After a run of bull calves, we finally got our first heifer calf, a pedigree Limousin sired by Wilodge Cerberus that will hopefully make a cow here in a couple of years' time.

With only two more to calve in mid-summer, we decided to split that couple into a small area of pasture together, throw open the doors of the shed and let every animal out for the foreseeable, bar mishaps, which hopefully won’t occur.

Of course, it’s never smooth sailing with letting young calves out for the first time. They seem to have some sort of magnetic pull towards the most awkward areas of the field.

While I always watch them in the field for the first half hour, it's difficult to keep an eye on them all.

From two fields away, I could only laugh as I watched one bull wander merrily across the field and fall straight into a drain 10 minutes after being let out.

You’d certainly want your Weetabix in the morning when you’re trying to push a 60kg calf over your head with a cow looking angrily down at you as if you were the one that pushed him in.

Bar that mishap, all went well, although some of the cows almost had a coronary as they goggled at a donkey next door to them.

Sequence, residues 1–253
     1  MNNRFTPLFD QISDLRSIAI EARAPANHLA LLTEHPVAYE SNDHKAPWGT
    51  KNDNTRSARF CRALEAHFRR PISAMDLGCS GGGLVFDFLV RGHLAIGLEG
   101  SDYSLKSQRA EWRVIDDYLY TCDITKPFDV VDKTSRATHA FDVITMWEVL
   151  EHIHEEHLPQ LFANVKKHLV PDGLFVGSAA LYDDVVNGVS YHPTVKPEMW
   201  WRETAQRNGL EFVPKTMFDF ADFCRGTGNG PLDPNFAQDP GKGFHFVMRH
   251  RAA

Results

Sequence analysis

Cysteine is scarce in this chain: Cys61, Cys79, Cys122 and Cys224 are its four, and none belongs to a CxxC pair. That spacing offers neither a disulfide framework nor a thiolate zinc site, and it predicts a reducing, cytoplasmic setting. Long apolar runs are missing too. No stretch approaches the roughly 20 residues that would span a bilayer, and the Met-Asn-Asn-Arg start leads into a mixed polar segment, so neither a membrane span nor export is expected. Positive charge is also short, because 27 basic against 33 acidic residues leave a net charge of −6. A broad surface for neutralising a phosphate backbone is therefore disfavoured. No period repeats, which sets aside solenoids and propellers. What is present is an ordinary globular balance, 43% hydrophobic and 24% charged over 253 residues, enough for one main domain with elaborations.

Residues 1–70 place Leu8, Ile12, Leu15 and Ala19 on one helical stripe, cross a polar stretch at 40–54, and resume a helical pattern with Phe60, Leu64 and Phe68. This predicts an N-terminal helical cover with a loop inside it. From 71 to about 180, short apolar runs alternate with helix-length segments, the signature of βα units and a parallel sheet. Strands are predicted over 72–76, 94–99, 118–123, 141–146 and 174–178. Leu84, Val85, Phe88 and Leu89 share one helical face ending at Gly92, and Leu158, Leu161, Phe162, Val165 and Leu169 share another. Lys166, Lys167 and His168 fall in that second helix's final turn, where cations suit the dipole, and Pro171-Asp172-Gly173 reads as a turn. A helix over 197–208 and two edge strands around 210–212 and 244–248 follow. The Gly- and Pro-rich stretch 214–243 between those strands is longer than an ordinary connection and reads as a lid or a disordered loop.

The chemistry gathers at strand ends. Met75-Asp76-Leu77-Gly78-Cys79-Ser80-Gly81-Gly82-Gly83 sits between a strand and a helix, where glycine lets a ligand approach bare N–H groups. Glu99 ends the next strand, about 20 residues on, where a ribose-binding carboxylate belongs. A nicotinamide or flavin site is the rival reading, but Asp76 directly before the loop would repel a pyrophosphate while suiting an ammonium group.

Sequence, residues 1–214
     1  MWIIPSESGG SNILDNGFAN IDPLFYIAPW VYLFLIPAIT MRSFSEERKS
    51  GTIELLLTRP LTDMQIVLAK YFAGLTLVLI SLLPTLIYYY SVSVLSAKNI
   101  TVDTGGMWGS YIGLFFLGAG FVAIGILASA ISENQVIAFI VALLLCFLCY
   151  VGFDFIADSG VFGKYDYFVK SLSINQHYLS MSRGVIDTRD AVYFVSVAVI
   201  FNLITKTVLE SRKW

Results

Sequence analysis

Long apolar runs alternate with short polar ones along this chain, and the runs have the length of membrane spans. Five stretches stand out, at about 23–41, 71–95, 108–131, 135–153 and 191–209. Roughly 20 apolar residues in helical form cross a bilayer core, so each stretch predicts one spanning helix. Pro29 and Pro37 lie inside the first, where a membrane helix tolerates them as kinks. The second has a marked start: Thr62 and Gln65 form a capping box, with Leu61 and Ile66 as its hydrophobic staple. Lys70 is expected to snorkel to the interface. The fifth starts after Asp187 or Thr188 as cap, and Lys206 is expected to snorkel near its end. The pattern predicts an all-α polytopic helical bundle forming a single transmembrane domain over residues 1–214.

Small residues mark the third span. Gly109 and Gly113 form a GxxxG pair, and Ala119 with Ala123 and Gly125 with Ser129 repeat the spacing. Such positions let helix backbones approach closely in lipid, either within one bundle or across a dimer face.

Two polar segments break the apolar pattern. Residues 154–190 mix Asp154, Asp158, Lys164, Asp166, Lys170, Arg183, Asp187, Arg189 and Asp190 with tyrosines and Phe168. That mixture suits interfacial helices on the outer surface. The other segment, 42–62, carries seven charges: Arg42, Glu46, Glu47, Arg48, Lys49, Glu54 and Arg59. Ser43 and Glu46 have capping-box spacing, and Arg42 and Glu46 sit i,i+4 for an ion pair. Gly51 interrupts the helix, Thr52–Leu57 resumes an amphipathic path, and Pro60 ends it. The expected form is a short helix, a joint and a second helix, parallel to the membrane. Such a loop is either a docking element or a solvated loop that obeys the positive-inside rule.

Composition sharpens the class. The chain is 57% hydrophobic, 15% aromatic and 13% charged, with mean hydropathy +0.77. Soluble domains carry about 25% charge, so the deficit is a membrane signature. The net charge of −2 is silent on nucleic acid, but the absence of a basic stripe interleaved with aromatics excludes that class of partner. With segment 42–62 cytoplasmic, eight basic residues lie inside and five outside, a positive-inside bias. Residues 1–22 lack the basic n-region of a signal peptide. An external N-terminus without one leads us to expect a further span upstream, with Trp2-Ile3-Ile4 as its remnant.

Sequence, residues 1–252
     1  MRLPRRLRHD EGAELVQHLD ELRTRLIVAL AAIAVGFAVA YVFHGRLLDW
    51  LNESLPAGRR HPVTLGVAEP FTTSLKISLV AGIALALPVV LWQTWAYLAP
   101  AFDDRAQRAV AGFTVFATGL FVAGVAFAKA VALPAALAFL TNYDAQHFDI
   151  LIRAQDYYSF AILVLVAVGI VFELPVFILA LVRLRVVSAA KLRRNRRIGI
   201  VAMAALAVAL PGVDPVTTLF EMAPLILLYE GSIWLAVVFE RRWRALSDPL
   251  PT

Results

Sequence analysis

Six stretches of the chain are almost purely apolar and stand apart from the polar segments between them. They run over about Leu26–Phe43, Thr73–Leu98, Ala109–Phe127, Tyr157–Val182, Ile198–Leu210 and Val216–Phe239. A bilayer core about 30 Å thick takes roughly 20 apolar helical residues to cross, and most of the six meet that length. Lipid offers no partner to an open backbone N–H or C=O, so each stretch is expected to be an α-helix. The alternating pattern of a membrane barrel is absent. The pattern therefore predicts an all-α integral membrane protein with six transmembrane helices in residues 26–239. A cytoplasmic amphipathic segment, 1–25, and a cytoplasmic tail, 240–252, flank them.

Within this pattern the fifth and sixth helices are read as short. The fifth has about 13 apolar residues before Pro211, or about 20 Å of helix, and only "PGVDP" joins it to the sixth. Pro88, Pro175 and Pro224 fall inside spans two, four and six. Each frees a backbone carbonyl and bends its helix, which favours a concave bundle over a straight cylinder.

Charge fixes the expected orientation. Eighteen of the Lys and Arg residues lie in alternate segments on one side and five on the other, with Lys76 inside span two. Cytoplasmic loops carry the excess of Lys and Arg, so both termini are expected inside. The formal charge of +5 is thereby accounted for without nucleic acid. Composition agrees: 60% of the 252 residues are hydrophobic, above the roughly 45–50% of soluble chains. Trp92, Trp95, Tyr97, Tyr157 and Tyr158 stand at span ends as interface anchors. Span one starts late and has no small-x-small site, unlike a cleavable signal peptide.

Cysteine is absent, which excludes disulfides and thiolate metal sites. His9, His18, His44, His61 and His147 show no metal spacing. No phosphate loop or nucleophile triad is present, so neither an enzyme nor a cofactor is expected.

Having never seen one before, they scattered to the opposite side of the field once he started to bray, abandoning their calves to the fate of the noisy monster!

However, all’s well that ends well eventually and looking over the gate into a field seeing calves running about in the sun makes all the hardship worthwhile.

The arrival of dry weather also means it’s time to bring out machinery that’s been stored over winter and begin the summer rota of work. Despite everything being put away in full working order, there’s always something that crops up which needs to be fixed.

But this year presented us with a different issue, as we pondered why we’d put the topper at the very back of the shed, meaning we’d have to move everything else out before we could make a start on sowing our wild bird seed cover for GLAS.

It was akin to agricultural Tetris working out how to extricate it by moving the fewest other implements beforehand.

One issue we have on 15 acres away from the house is a continuous fight with ticks and redwater.

While we try to keep the same cattle on it year after year, we chose to put our replacement heifers and a cow on the land this year so they’d build up immunity for years to come.

While the price of Bayticol isn’t for the faint-hearted, it’s certainly a lot cheaper than a few vet calls or a dead animal.

Upon walking the land after trailering them up, there was evidence of a few woolly visitors which had been in and eaten a large portion of the spring growth we’d kept for the heifers.

While we have the land fenced for cattle, the wire is certainly too high to keep sheep out and however they got in, they did.

It just goes to show that even if you don’t have sheep, they’ll still find a way to annoy you.